The talk of California tax practitioners over the last week has been all about the legislature’s passage of AB 102. This may be surprising to those who read the bill when it was introduced on January 10 of this year, for the bill consisted of one sentence:
It is the intent of the Legislature to enact statutory changes relating to the Budget Act of 2017.
The Assembly passed this obscurantist bill and sent it to the state Senate on May 18. Then, on June 12, the Senate gutted and amended the bill. As amended, the bill transfers the responsibilities of the State Board of Equalization to a newly created Department of Tax and Fee Administration, which will be located within the Government Operations Agency. The existing Board of Equalization has responsibility for four general areas: sales and use taxes, property taxes, special taxes and the tax appellate program. It is the country’s only elected tax commission. AB 102 also transfers the Board of Equalization’s responsibilities for tax appeals to a newly created Office of Tax Appeals. The Government Operations Agency and the Office of Tax Appeals are to be overseen by directors appointed by the Governor. The Board of Equalization, which is established by Article XII, Section 17 of the California Constitution, will remain in existence but with its authority reduced to those prescribed in the Constitution.One day after the bill was amended to make these sweeping changes, it was considered by the one and only committee in either house. It is therefore not surprising that there was no registered support or opposition. Two days later, the Senate sent the bill back to the Assembly for concurrence. On that same day – June 15 – the Assembly concurred in the Senate’s amendments, even though the Assembly’s rules did not permit the bill to be acted on until June 17. Standing Rules of the Assembly, Rule 77.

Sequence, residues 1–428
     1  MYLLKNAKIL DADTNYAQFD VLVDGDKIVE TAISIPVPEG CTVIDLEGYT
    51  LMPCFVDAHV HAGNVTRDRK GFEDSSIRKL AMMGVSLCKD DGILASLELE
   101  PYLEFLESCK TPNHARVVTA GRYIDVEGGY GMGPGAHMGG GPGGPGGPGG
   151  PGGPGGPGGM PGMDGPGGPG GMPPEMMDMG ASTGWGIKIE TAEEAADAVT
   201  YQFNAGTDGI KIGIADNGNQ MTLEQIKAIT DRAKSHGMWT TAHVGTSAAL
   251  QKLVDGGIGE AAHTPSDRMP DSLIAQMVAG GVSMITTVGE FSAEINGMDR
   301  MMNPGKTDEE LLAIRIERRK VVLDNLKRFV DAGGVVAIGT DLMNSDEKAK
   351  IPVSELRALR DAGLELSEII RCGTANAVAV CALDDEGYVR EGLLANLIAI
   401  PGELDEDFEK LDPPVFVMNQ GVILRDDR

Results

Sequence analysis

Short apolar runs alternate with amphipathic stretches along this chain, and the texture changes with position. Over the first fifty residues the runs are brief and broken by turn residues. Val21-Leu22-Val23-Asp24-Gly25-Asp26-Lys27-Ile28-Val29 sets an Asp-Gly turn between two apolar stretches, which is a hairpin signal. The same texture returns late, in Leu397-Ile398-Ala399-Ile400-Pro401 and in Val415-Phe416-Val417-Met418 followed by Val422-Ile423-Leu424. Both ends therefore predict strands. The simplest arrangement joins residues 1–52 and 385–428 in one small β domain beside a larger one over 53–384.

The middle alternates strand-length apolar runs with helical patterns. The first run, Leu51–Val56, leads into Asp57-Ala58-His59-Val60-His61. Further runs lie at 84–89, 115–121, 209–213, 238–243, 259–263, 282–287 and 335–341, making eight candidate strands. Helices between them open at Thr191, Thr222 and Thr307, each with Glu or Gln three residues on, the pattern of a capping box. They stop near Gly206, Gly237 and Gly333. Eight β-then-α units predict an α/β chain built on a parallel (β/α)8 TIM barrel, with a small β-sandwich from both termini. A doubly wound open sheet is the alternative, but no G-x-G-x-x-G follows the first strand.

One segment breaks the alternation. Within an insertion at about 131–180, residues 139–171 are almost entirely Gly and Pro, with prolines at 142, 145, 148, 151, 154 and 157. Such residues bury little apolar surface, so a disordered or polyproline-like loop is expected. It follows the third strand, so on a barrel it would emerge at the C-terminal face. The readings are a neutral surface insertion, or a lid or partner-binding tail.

The Governor still must sign AB 102, but this appears likely as he has reportedly supported changes to the Board of Equalization. Regardless of the merits of these changes, it is obnoxious to see these changes rushed through the legislature and made effective immediately through the pretense of including them as an appropriations bill. See Cal. Const. Art. IV, Section 12(e)(4).